نتیجه گیری انگلیسی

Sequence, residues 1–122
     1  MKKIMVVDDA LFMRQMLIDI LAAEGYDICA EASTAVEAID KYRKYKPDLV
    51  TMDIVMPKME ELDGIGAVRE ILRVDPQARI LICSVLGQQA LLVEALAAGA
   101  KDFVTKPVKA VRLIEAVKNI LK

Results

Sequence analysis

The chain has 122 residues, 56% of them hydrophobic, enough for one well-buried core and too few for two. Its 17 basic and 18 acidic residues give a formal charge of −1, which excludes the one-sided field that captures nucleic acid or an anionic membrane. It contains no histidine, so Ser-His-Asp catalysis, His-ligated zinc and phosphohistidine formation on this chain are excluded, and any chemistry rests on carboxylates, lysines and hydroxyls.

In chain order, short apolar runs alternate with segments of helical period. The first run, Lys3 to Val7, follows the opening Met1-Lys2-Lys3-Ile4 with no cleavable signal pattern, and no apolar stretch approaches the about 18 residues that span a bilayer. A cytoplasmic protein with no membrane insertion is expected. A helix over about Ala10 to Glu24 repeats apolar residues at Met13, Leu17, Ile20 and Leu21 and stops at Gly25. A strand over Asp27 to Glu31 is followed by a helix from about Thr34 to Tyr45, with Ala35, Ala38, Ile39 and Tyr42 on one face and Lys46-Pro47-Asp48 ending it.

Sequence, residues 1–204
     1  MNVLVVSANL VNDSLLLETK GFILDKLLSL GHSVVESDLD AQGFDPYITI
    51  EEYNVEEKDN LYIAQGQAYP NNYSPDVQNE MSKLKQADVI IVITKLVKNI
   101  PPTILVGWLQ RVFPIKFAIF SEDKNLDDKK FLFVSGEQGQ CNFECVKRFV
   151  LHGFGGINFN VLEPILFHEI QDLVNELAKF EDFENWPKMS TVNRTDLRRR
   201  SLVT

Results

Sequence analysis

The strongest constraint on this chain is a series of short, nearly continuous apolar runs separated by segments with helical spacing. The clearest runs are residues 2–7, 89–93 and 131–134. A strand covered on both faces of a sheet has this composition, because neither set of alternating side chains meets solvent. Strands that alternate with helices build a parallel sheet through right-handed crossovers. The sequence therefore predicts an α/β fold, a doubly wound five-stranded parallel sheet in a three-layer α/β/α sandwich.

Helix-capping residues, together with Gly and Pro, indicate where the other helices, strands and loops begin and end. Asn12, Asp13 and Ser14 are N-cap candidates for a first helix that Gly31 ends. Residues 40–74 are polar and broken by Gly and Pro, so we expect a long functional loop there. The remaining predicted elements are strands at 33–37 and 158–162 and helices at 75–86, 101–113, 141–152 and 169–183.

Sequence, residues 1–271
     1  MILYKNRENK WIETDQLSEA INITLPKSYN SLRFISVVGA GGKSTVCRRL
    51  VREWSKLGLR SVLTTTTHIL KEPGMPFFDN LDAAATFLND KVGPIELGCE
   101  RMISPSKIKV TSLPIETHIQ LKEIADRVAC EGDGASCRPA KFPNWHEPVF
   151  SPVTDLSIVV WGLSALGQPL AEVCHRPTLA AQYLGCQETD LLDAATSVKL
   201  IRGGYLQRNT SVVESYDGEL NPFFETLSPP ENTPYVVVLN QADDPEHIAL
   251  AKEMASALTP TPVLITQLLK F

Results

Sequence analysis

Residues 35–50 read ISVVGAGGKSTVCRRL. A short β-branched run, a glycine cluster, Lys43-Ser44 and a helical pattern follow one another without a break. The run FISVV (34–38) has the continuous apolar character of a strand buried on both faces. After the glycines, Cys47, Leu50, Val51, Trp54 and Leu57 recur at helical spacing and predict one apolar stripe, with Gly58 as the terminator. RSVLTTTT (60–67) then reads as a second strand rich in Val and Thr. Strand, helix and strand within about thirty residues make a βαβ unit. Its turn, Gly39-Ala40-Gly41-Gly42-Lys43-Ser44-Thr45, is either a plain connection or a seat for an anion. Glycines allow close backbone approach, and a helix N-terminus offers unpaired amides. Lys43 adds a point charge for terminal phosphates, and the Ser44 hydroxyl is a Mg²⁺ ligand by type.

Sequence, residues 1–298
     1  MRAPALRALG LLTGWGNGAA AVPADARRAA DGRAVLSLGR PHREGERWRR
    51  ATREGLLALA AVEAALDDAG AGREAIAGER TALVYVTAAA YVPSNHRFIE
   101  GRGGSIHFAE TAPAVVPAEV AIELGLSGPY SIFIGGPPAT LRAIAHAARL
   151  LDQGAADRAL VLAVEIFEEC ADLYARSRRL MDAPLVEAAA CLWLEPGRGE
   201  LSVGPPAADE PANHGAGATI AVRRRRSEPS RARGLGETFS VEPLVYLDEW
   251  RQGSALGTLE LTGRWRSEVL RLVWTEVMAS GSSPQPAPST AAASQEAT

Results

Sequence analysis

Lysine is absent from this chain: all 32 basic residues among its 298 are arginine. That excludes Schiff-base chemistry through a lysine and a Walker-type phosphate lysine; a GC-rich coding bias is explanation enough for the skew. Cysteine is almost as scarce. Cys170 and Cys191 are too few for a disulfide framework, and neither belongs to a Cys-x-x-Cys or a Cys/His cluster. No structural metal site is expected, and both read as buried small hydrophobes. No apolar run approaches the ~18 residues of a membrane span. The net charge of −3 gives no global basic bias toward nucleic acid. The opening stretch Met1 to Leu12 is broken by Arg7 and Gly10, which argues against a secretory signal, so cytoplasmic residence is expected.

Achieving and sustaining disciplined imagination appears to be a worthy guidepost for strategy making. With this in mind, a few concluding remarks are in order. It is useful to begin by noting that there can be no discipline without imagination, variation and exploration. The first question one must ask is whether there is a stream or at least a stock of ideas, projects or ventures that can serve as fodder for a disciplined process of selection. If it is missing, then recreating it must be the first step. Enron's example is perhaps extreme but as Stopford notes, a common first step. Sometimes, however inspiration may not be sufficient or there is no time to let the process emerge spontaneously. In such situations, the intervention must provide process know-how. Finally, as the ODD and the Sonera examples illustrate, in rapidly transforming industries, the intervention must stem or redirect experimentation. The example of GasCo raises the issue of whether imagination could be infused into a platform of existing discipline; perhaps the old discipline had to be eliminated, imagination reinstalled and, only then, a new kind of discipline developed. It was possible that trying to infuse the highly formal disciplined process to an existing set of creative experiments and alternatives would have the same effect as throwing sand into the gears of an elaborate machine—either the existing process would kick out the irritant, or the irritant would stall the machine. In other words, would discipline accept imagination, or would imagination actually stall the process? We suggested a relatively simple typology of interventions, geared to either increase, guide or stem imagination to re-establish balance. The most appropriate one to use can be determined once one knows the specific situation the company is facing. Is the problem a lack of imagination, or is it a lack of discipline? Or perhaps both? Conversely, could it be that the situation is already balanced and any further intervention would be detrimental? Dick Smith's conundrum can now be approached from this vantage point. Clearly intervention was necessary. However, was GI's problem lack of discipline, lack of imagination or both? GI's culture had been described by external observers as one of “cable cowboys”,44 young swashbucklers who are used to generating ad-hoc responses to a changing environment through informal interaction. This suggests that chaos was rampant and a variety-decreasing intervention would have been appropriate. Yet, when one asks the question as to exactly what there is to be disciplined, the answer is a set of initiatives to respond to immediate customer problems but that are not focused on the emerging opportunities and threats of the new deregulated environment. Thus, upon closer scrutiny variety was of the wrong kind, and indeed little useful experimentation was being undertaken. Imagination had to be reinstated and focused towards answering those new competitive developments. In this respect, the Kiawah meeting seemed appropriate. GI emerged from that with a new strategic direction and a set of specific goals. Attempting to impose a new process would have been difficult in such a free-wheeling culture, as would have been attempting to restore the creative phase of the planning process, which had been earlier rejected by that same decision making culture. Using an off-site environment, such as Kiawah was therefore the most appropriate intervention from those considered by the company and the one that GI continued to pursue even after it was acquired by Motorola in a transaction that valued the company at $17 billion, more than four times the capitalisation of the company at the time of the first Kiawah meeting. GI's conundrum is representative of that of many companies. Strategy making has to happen more often; today's rapidly changing reality tests an organisation's true ability to innovate strategically, exposing the precariousness of paralysing excesses of discipline or chaotic creative efforts. Strategy making in fast moving environments requires the capacity to intervene effectively on strategy making, the development of a different kind of discipline that allows for a greater involvement of the imagination. The choice is no longer between one of the two. Both seem necessary. That said, it is important to remember also that strategy-making sophistication develops with practice. The hallmark of such sophistication is the ability to suit strategy making to the characteristics of specific situations, as well as organisational cultures. When the environment accelerates, the organisational capability to make strategies is put to the test. A study of 285 top managers found that firms that were capable of making strategy in multiple modes in response to different situations outperformed those that used only one model or were less process-capable.45 The same interventions may have different effects in different companies or under different circumstances. Thus, perhaps as important as selecting the proper intervention is keeping in mind that strategy making is a learned organisational skill. How to maintain an adequate balance between discipline and imagination must be learned by doing.